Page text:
After a 30-minute delay caused by technological glitches with Twitter’s “Spaces” audio conversation system, Florida Governor Ron DeSantis’ much-hyped announcement of his 2024 presidential campaign kicked off with a billionaire praising another billionaire.
The first billionaire, venture capitalist and DeSantis booster David Sacks, opened the conversation with fulsome praise for Elon Musk, the Tesla and SpaceX impresario who bought Twitter last year with the aim of allowing unfettered conversations by all sorts of right-wing characters who’d been banned for violating the site’s rules under its prior management.
Mr Sacks then turned to introduce Mr DeSantis, who he said first drew his attention when the Florida governor began attacking public health measures recommended by medical professionals at the height of the Covid-19 pandemic.
And with that, Mr DeSantis began making his pitch to voters — or at least the voters who are on Twitter and cared enough to listen.
Here are some key takeaways.
Expect attacks on the press to be a central focus of Mr DeSantis’s campaign
Like most Republicans, Mr DeSantis has made bashing journalists part of his everyday stump speech.
As governor, his press team was notorious for attacking reporters who wrote stories that displeased the governor, with many such journalists receiving death threats as a result.
Mr DeSantis, who rarely takes questions from the press, made clear that tearing down journalistic institutions and undermining the idea that news outlets work in good faith to deliver the news will be a centrepiece of his campaign.
The governor framed his opposition to mainstream journalism as support for “truth telling,” citing “blowback” he’d received when opening his state during the pandemic “from the media”.
“There was a concerted effort to try to stifle dissent. There is an official narrative about lockdowns about closing schools about forced masking, and all these different things that we had to navigate during Covid, and it was an orthodoxy being enforced by the major tech platforms in conjunction with the federal government,” he said.
He later accused the “legacy media” of “colluding” with civil rights groups such as the NAACP to “manufacture a narrative” about policies he has instituted that led the group to say recently that Florida is not safe for Black Americans to visit.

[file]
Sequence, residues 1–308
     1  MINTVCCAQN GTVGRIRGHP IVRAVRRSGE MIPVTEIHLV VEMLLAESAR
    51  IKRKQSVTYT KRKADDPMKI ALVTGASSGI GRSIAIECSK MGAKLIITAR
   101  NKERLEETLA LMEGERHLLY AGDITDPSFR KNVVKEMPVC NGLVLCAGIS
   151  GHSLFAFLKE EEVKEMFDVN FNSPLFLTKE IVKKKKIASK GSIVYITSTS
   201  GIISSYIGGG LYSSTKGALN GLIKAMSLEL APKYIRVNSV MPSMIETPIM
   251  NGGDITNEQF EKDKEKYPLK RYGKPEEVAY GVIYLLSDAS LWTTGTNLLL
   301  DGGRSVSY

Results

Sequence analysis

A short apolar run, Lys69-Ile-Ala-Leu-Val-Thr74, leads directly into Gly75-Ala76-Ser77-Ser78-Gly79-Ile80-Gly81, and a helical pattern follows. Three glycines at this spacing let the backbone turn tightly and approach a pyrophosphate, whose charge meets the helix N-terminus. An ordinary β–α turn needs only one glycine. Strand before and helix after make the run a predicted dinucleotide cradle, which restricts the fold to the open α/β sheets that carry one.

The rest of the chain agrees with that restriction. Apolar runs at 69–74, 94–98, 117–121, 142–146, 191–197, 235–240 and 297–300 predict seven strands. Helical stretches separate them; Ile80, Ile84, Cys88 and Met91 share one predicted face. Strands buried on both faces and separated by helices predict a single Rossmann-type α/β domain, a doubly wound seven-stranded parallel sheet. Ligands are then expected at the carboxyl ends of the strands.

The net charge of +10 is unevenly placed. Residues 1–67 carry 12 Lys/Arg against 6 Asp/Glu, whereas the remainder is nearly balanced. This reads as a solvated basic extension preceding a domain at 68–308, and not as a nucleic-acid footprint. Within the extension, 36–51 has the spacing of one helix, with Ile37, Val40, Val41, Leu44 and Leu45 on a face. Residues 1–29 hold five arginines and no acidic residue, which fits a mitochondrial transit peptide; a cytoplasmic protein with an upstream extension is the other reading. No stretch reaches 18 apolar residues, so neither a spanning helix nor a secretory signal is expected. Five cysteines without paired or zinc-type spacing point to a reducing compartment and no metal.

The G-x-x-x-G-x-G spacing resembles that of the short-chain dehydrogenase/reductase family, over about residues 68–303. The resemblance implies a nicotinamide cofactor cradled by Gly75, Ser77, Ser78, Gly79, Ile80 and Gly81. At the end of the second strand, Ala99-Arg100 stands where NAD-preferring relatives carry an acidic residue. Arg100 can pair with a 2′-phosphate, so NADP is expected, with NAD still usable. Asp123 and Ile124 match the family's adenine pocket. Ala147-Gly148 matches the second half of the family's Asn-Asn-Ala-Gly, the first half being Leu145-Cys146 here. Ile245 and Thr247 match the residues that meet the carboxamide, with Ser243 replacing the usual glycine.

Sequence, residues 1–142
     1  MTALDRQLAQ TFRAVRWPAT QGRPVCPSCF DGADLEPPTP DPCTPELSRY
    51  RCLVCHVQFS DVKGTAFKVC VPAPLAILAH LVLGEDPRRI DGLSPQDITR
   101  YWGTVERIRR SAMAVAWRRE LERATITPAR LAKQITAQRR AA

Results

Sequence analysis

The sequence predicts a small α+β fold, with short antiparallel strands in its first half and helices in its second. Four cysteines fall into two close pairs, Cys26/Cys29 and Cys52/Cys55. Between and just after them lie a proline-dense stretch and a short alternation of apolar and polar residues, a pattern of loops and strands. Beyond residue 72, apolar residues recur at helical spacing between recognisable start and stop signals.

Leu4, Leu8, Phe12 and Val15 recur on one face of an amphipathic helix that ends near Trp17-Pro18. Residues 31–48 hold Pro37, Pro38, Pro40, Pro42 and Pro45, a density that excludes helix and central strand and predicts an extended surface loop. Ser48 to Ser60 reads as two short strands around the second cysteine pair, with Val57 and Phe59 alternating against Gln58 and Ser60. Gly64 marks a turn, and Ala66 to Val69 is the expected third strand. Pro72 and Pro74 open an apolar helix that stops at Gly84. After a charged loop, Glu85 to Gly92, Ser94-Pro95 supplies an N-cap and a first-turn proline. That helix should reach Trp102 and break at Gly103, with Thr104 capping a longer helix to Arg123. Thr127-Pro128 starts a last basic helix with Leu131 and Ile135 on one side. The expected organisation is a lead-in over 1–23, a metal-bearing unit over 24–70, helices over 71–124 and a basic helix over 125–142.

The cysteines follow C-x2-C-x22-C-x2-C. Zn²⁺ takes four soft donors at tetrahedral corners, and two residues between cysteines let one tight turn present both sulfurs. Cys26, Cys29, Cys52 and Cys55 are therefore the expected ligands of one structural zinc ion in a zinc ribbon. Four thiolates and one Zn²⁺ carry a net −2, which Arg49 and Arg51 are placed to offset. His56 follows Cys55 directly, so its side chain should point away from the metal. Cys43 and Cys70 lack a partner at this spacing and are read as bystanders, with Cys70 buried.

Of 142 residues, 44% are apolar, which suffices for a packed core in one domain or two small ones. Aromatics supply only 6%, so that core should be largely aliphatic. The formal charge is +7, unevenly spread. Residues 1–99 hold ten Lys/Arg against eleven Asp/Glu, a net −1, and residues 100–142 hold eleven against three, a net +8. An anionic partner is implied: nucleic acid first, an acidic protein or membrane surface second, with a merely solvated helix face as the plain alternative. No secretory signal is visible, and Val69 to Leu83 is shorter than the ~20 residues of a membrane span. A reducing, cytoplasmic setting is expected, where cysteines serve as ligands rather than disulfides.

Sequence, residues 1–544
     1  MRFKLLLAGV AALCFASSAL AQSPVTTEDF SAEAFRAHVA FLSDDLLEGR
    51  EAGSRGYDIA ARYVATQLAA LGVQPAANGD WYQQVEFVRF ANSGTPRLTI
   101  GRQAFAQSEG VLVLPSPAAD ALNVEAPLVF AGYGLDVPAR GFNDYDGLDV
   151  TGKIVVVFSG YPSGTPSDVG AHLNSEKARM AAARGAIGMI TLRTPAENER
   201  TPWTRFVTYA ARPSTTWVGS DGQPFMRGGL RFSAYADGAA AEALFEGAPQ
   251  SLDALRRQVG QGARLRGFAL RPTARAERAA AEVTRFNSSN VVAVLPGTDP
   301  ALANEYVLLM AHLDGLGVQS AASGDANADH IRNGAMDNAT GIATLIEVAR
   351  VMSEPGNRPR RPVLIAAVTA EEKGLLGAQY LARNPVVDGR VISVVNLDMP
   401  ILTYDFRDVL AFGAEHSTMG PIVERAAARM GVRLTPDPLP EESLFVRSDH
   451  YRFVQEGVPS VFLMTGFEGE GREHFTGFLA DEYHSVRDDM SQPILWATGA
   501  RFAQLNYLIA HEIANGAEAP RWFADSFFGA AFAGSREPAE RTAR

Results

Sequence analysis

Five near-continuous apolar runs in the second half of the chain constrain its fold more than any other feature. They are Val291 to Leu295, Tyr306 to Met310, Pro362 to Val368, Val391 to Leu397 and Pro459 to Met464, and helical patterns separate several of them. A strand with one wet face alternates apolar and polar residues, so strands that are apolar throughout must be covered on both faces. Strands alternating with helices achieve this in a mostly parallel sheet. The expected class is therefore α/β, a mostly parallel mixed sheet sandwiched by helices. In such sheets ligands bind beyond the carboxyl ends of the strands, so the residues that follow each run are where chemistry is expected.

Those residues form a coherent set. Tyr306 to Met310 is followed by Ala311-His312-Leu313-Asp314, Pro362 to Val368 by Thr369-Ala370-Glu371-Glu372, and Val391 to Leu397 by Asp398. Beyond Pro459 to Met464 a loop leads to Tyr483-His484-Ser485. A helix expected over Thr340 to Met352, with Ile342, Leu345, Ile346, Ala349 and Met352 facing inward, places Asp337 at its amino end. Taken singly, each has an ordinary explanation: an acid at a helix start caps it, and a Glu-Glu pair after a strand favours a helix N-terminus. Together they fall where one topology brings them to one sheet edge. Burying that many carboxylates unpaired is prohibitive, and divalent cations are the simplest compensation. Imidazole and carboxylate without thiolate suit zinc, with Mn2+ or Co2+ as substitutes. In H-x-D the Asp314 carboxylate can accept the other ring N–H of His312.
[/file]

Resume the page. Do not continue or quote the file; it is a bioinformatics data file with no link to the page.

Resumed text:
“I would just say as an American citizen, if you are uncritically accepting narratives spun by legacy media and left wing groups, you're failing at your job of being a conscientious citizen,” he said.
He surrounded himself with sycophants
When it came time to take questions from the audience who’d virtually gathered to hear him announce his candidacy, Mr DeSantis’s choice of interlocutors was telling.
Instead of taking questions from ordinary people who had taken the time to listen to a man who wants to be the next President of the United States, the people chosen to question him were known right-wing activists and online personalities, some of whom have worked with him or currently work with him in Florida.
The first to ask a question was Dr Jay Bhattacharya, a Stanford Medical School professor who gained fame in right-wing circles during the Covid-19 pandemic for his advocacy of a “herd immunity” strategy that would have seen millions of Americans deliberately contract the virus long before any vaccine for it had been approved.
Next up was Kentucky Representative Thomas Massie, a libertarian-leaning Republican who, like other panelists, devoted a portion of their remarks to praising Mr Musk for buying Twitter before asking how Mr DeSantis would restrict the power of federal agencies which conservatives believe are biased against them.